Some lawmakers and policymakers have complained that Paycheck Protection Program loans ended up in the hands of larger, publicly traded companies at the expense of small businesses that need them most.
Local TV stations’ ratings rise, but advertisers flee
The very thing that is driving the increase—the coronavirus outbreak—is also preventing stations from cashing in on those ratings increases.Read More
Like never before, marketers are using your personal data to tailor their messages
Your smartphone, tablets, speakers and smart TVs are all acting as magnifying glasses for companies that pay billions of dollars to get an up-close and personal view of you.Read More
Fiber network firm looks beyond Indiana for growth
Intelligent Fiber Network has spent the last 18 months rebranding—including a name change that telegraphs its growth plans—and ramping up its marketing.Read More
Entrepreneur who purchased Channel 8 plans upgrades, hiring spree
An Indianapolis native, DuJuan McCoy expects to use his status as a local owner and the wisdom he’s acquired as a national turnaround artist to improve the station’s fortunes.Read More
Michael Maurer and Bob Schloss, who have owned IBJ Media since 1990, have reduced their ownership stakes to 25% apiece.
Nate Feltman’s purchase of a controlling interest in IBJ Media is a milestone for the 40-year-old company, which has been owned by Indianapolis businessmen Mickey Maurer and Bob Schloss since 1990.
A federal judge has ruled in favor of Sprint and T-Mobile’s $26 billion merger, dismissing anti-competitive concerns and clearing the way for a deal that would create the nation’s third-largest wireless carrier.
Industry veteran Jeff Smulyan is pairing with a low-profile New York hedge fund manager once described as “the most important, least known man in TV.”
The new law gives authorities more enforcement powers and could speed up measures the industry is already taking to identify robocalls. And when phone companies block robocalls, they must do so without charging consumers.
In the wake of the May closure of The Hendricks County Flyer, Grow Local Media is expanding its own Hendricks County paper.
The magazine—distributed to companies, retailers, schools, colleges, libraries and newsstands throughout the Indianapolis area—casts a wide net in its definition of diversity, covering stories about African, Asian, Hispanic and Native Americans as well as women, veterans, seniors, LGBTQ and disabled Hoosiers.
On Aug. 5, GateHouse—a New York-based chain backed by an investment firm—announced a deal to buy Gannett for $1.4 billion.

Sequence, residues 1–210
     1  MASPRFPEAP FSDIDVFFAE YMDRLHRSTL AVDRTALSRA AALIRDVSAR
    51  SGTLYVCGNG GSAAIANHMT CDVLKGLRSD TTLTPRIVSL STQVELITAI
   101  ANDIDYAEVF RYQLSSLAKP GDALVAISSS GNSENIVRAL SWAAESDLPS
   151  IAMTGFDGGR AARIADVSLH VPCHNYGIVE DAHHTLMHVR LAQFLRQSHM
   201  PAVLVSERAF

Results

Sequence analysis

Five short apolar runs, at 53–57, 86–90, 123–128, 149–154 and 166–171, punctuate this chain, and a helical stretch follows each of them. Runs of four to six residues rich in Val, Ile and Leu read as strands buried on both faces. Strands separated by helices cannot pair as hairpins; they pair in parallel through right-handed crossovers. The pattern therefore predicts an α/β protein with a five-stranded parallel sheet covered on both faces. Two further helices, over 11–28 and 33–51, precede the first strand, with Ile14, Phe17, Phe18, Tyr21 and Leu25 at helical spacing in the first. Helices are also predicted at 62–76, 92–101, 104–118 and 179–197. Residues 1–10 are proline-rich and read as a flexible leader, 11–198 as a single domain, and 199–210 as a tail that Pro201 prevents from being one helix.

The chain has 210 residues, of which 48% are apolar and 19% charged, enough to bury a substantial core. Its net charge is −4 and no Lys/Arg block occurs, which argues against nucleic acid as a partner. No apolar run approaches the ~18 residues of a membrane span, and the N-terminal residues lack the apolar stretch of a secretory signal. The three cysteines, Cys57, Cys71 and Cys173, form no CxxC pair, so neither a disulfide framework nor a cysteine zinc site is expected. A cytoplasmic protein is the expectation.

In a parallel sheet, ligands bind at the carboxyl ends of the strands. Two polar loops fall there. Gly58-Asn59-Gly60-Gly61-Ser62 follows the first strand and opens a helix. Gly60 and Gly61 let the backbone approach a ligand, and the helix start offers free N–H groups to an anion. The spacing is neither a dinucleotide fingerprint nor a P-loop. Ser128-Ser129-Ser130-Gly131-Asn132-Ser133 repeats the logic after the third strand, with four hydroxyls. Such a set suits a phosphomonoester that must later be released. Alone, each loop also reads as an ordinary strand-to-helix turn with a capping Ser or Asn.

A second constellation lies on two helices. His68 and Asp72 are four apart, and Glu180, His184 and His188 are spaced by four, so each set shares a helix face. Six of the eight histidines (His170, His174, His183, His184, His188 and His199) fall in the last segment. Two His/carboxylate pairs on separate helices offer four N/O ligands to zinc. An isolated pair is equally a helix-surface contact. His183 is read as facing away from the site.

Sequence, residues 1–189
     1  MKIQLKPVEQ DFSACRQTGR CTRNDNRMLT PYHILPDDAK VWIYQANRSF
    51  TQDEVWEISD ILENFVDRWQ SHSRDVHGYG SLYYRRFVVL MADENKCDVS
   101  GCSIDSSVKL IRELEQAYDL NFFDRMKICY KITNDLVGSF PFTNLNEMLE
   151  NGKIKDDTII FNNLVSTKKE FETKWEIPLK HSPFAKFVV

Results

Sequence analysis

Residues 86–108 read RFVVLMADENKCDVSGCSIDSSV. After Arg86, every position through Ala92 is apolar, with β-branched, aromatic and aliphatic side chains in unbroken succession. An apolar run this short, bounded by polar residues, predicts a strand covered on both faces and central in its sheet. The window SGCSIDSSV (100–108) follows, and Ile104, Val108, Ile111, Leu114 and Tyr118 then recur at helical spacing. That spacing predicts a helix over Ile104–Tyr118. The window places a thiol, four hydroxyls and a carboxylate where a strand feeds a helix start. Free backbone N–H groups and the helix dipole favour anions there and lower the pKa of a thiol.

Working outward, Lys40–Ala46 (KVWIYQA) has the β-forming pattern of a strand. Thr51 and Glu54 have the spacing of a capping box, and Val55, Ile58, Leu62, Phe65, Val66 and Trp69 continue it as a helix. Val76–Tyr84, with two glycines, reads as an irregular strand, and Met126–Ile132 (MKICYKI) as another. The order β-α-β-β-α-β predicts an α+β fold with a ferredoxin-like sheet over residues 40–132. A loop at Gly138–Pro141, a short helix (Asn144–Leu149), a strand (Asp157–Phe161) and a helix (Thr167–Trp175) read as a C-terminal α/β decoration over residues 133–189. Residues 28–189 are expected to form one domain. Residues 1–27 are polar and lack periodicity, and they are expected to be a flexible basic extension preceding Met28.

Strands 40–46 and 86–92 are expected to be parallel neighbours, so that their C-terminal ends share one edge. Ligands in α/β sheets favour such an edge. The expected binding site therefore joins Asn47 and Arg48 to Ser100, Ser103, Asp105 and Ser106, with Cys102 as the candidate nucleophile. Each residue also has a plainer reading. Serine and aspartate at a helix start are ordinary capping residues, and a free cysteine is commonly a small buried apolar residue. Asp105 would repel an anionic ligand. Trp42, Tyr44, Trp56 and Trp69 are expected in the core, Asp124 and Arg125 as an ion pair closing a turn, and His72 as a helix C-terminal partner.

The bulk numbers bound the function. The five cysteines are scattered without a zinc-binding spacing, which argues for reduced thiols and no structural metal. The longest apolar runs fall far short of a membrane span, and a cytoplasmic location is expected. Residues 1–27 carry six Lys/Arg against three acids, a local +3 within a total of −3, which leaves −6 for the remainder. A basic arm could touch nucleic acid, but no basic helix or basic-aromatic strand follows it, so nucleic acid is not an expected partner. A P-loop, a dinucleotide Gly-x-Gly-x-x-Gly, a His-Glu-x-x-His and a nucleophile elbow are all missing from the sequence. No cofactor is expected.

Larry Lannan, 67, of Fishers started writing about his hometown’s happenings after retiring from the Internal Revenue Service in 2011. Eight years later, his news blog, LarryInFishers.com, and podcast deliver Fishers residents nearly daily news about their city. For Lannan, a former radio reporter, his news site is his way of giving back to his […]
CEO Jeff Smulyan says he still loves radio, but the 72-year-old pines to own businesses that have real growth potential, rather than fighting over nickels and dimes in a stagnant industry.
While “The Hammer and Nigel Show” is flourishing now, WIBC-FM 93.1 took a big risk in 2016 putting the two former rock ’n’ roll disc jockeys at the helm of a news-talk program, the station’s bread and butter.
Carroll uses Twitter, a New York Times column, blog post, podcast, videos and books to publish his findings on just about any health issue he thinks needs explaining or correcting.
While TV news has seen audience declines across many age categories, the biggest losses are with younger viewers.
The network’s ad blitz and all-in production effort are part of a strategy to capitalize on the network’s recent lock on all IndyCar broadcasts.
The bank will use the three-story building that fronts Monument Circle for lending offices and a branch location. The magazine’s staff plans to move into the adjacent headquarters for Emmis Communications.
The deal involving 21 networks adds to a growing sports portfolio for Baltimore-based Sinclair Broadcasting Group, which earlier this year announced a partnership with the Chicago Cubs to form Marquee Sports Network.
David and Marilyn Shank decided to fold the firm they founded out of their house in 1987 rather than sell it. The agency, which became known for crisis communications, had a laundry list of big-name clients.